A three-kilometre ‘protection zone’ has been put in place at a poultry in North Dorset after a confirmed outbreak of bird flu - but there is no threat to human health, council officials say.

As previously reported, Dorset Council say a small number of chickens died suddenly and were tested for bird flu. The results confirmed that they had contracted the H5N8 strain of the disease.

A small number of remaining birds at the premises have been humanely culled following the positive results.

A three-kilometre protection zone has also been set up around the premises as staff from the Animal and Plant Health Agency and Dorset Council’s trading standards team are working with properties within the allotted zone to check on any birds kept outdoors to offer advice and guidance.

Despite the outbreak, Neil Martin, principal trading standards officer at Dorset Council said the risk to humans is low and says it is still safe to eat poultry products.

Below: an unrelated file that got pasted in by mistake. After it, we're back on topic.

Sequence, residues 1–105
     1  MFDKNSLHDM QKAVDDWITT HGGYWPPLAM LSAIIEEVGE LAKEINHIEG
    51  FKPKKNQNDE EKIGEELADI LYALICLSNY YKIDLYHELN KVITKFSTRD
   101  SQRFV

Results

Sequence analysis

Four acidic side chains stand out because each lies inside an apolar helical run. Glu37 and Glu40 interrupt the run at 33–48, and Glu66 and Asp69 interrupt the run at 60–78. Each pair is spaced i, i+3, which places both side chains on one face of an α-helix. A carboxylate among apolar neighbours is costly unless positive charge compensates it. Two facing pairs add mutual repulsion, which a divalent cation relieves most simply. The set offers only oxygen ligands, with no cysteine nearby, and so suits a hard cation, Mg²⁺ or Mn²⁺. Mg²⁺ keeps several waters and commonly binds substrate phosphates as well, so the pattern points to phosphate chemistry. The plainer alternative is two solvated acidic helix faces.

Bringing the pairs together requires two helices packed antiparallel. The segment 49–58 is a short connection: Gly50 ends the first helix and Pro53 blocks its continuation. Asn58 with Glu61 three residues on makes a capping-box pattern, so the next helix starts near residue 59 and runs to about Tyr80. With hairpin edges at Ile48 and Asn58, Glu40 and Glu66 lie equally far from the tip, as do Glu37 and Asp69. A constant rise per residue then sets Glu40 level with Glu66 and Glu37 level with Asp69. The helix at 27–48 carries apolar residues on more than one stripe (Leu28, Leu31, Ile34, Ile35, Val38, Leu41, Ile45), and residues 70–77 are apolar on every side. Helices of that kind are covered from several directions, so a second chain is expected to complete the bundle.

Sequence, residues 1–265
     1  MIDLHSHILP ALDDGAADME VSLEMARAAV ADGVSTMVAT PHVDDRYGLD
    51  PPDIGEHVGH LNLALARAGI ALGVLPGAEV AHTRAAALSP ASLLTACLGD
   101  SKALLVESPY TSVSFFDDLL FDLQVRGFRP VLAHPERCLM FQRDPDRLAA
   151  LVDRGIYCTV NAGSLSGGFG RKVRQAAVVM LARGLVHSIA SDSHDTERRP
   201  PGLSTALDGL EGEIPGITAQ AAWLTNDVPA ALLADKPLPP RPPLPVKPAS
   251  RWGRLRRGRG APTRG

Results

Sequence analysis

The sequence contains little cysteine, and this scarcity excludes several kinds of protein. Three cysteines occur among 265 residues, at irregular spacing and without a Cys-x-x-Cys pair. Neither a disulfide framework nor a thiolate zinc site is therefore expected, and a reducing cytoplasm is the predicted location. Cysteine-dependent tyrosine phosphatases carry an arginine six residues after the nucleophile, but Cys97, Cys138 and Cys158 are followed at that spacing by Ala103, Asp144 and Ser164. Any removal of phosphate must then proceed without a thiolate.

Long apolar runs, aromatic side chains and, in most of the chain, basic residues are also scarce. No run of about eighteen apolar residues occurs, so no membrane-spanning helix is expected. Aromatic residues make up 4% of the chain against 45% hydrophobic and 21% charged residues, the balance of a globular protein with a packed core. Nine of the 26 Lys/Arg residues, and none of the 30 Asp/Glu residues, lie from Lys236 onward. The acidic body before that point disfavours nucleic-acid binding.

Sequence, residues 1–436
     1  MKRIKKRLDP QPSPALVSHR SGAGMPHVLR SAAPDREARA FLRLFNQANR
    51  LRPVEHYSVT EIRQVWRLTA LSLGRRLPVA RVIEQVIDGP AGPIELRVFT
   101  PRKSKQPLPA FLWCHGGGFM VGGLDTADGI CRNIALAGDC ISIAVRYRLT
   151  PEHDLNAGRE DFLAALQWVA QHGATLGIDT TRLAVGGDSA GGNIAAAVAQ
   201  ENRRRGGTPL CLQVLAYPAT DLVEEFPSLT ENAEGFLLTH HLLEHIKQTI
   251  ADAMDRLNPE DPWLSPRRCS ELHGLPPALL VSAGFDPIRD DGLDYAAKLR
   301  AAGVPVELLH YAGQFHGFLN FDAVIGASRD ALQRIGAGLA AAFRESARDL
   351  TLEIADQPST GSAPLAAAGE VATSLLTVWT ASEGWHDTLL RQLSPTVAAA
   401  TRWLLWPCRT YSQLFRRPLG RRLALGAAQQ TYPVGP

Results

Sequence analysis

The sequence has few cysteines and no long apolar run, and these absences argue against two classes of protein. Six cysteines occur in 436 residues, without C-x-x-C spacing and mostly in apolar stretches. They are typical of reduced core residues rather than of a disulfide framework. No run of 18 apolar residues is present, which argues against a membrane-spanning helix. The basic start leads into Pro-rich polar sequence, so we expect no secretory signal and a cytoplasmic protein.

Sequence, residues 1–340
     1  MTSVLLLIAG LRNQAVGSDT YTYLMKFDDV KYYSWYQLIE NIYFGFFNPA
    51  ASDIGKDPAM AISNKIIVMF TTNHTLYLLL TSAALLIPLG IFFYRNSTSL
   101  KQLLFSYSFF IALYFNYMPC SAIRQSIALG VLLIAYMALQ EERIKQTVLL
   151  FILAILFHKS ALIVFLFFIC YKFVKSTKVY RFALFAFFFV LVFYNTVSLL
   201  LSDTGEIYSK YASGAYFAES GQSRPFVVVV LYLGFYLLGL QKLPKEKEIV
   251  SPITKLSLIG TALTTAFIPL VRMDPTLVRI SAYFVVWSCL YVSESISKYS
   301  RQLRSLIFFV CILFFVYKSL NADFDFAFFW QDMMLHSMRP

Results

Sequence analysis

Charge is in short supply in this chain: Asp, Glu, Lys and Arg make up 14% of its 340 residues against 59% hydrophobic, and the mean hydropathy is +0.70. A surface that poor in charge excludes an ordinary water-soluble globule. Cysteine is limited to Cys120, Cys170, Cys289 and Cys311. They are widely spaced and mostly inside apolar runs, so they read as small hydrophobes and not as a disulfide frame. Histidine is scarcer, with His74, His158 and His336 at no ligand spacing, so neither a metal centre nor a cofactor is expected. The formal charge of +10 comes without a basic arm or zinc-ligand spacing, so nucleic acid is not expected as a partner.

He said: “Since December 14, all poultry and captive birds must be housed under rules issued by the Animal and Plant Health Agency.

Dorset Echo: Dorset Council officials and health officials are monitoring the bird flu outbreakDorset Council officials and health officials are monitoring the bird flu outbreak

“Due to the increase in cases of Avian Influenza (bird flu) found in both wild birds and commercial poultry flocks these additional rules were brought in to prevent further spread of the disease.

“The risk to human health at this time has been confirmed as low and it is safe to eat poultry products.”

Poultry and captive bird keepers are advised to be vigilant for any signs of disease in their birds and any wild birds and seek prompt advice from their vet if they have any concerns.

Public Health England (PHE) has advised that the risk to the public’s health from all four of the virus strains which have been found in England (H5N2, H5N8, H5N5, H5N1) is very low.

The Food Standards Agency has said that on the basis of the current scientific evidence, avian influenza poses a very low food safety risk for UK consumers. Properly cooked poultry and poultry products, including eggs, are safe to eat.

Poultry and captive bird keepers and members of the public should report dead wild birds to the Defra helpline on 03459 33 55 77 (option 7), and keepers should report suspicion of disease to APHA on 03000 200 301.